More to the story. Colton Underwood is opening up about what really happened at the end of his relationship with Cassie Randolph for the first time. In July 2020, the former Bachelor, 28, wrote a new chapter for The First Time: Finding Myself and Looking for Love on Reality TV, the memoir he released in March.
The new chapter — which Underwood says Randolph, 25, read and signed off on before it was printed — details his experience with the coronavirus, quarantining at her family’s home and ultimately what led to their split. The former NFL player and the speech therapist, who met on season 23 of The Bachelor, announced their split in May 2020 shortly after he recovered from COVID-19.
In an exclusive excerpt obtained by Us Weekly, the Indiana native shares that after his COVID battle, his then-girlfriend shocked him by telling her she was having a tough time with their relationship. While he encouraged her that they should try getting back to normal together, it didn’t work.
Read the full exclusive excerpt below. The paperback edition of The First Time: Finding Myself and Looking for Love on Reality TV is available on Amazon Tuesday, January 26.
After more than a month of being cooped up in her family’s home, both of us were feeling overwhelmed and smothered and eager to return to our respective apartments where we could enjoy our own space. Before we left, though, she took me aside and told me she was struggling with everything in our relationship and didn’t know what to do. My head spun like one of those characters in a cartoon. What? She was struggling with everything?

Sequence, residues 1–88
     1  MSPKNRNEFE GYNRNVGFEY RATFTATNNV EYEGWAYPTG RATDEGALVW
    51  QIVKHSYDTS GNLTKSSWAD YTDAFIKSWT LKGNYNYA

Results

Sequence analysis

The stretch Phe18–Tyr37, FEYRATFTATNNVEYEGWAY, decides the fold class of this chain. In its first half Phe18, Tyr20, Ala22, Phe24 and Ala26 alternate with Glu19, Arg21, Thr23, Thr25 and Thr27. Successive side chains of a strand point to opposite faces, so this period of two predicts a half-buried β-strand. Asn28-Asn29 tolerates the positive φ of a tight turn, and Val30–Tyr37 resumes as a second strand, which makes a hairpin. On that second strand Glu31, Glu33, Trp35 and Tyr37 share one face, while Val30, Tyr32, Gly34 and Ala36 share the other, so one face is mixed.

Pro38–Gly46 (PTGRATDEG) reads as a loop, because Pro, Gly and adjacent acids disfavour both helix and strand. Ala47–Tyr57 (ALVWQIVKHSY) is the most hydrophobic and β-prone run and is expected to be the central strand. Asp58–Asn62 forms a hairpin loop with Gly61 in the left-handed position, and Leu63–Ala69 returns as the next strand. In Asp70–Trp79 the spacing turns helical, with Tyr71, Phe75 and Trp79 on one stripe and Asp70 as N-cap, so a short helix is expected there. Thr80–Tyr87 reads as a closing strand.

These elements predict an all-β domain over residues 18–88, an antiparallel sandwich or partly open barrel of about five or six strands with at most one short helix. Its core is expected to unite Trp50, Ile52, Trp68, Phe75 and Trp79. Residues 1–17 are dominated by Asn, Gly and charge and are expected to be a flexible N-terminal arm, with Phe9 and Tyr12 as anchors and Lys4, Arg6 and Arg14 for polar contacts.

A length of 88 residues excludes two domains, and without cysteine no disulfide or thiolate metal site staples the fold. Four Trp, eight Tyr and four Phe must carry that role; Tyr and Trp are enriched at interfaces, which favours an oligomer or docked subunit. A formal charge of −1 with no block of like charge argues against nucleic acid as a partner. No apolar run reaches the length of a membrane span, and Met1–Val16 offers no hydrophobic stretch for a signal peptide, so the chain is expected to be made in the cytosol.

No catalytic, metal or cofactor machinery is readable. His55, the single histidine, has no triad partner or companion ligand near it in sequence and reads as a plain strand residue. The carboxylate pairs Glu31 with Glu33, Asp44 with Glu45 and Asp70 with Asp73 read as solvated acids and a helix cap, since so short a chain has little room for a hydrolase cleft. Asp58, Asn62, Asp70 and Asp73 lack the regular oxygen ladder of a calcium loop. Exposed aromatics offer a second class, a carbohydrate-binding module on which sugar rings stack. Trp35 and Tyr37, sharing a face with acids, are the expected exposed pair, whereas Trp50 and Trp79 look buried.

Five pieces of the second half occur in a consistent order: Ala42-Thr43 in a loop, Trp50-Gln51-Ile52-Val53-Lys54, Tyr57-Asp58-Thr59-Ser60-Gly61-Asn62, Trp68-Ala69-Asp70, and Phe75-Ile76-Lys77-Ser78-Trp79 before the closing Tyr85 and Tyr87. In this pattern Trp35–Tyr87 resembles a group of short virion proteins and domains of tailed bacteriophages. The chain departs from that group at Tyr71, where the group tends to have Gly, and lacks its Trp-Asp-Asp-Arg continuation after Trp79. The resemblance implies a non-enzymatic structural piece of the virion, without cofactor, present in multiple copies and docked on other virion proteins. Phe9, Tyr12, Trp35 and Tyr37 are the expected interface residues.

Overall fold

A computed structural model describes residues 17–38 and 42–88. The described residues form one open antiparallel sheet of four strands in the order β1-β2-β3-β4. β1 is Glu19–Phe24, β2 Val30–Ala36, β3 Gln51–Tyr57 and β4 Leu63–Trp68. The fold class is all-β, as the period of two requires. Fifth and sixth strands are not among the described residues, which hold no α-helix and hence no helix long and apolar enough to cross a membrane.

In a calmer moment, I agreed we’d worked through some misfires and miscues lately, little things where we didn’t see exactly eye to eye, but I didn’t realize how much those little things had been impacting her. It was one of those proverbial deaths by a thousand paper cuts. Her eyes were full of tears as she tried to explain, struggling to find the right words and reasons that made sense. None did—at least not to me.
Finally, I put my finger to my lips for silence. She stopped mid-sentence and lowered her eyes. Both of us had always agreed to avoid finishing hard conversations like this one. We didn’t want to come to the conclusion that we weren’t good for each other. We were scared of confronting that truth. So we didn’t.
“Hey, let’s just go back, just you and me,” I said, trying to stay calm. “We haven’t had any alone time. I’ve been sleeping on the third story like a squatter. We haven’t been intimate. We haven’t even held hands. Let’s try to make some time for us.”
For the next several days, we hung out and returned to normal the best we could considering the circumstances. When we drove back down to Huntington Beach a few days later, I brought up a project we were planning together and got an unexpected response. She said she didn’t know if we should jump into another project together when there was so much uncertainty in our relationship. Uncertainty? That hit me hard. Was there a timer on our relationship? What was going on? Were we together or not together? “Are we breaking up?” I asked.
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